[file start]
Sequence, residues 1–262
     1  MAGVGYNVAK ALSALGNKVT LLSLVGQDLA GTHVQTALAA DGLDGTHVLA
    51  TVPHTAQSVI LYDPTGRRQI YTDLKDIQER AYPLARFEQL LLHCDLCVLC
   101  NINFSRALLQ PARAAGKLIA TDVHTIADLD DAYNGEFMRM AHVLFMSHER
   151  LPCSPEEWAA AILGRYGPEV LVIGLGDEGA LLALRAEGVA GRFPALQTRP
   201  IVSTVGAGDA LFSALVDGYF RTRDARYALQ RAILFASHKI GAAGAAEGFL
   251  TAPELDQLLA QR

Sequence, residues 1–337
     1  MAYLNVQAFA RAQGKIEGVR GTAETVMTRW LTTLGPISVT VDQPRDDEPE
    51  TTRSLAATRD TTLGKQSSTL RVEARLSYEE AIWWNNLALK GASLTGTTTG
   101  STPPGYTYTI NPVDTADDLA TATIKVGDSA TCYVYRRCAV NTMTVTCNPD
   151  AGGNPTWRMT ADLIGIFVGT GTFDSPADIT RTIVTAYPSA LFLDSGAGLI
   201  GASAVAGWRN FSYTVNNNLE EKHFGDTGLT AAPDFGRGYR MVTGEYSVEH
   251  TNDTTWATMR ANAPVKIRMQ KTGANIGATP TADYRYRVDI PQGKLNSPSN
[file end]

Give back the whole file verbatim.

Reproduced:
Sequence, residues 1–262
     1  MAGVGYNVAK ALSALGNKVT LLSLVGQDLA GTHVQTALAA DGLDGTHVLA
    51  TVPHTAQSVI LYDPTGRRQI YTDLKDIQER AYPLARFEQL LLHCDLCVLC
   101  NINFSRALLQ PARAAGKLIA TDVHTIADLD DAYNGEFMRM AHVLFMSHER
   151  LPCSPEEWAA AILGRYGPEV LVIGLGDEGA LLALRAEGVA GRFPALQTRP
   201  IVSTVGAGDA LFSALVDGYF RTRDARYALQ RAILFASHKI GAAGAAEGFL
   251  TAPELDQLLA QR

Sequence, residues 1–337
     1  MAYLNVQAFA RAQGKIEGVR GTAETVMTRW LTTLGPISVT VDQPRDDEPE
    51  TTRSLAATRD TTLGKQSSTL RVEARLSYEE AIWWNNLALK GASLTGTTTG
   101  STPPGYTYTI NPVDTADDLA TATIKVGDSA TCYVYRRCAV NTMTVTCNPD
   151  AGGNPTWRMT ADLIGIFVGT GTFDSPADIT RTIVTAYPSA LFLDSGAGLI
   201  GASAVAGWRN FSYTVNNNLE EKHFGDTGLT AAPDFGRGYR MVTGEYSVEH
   251  TNDTTWATMR ANAPVKIRMQ KTGANIGATP TADYRYRVDI PQGKLNSPSN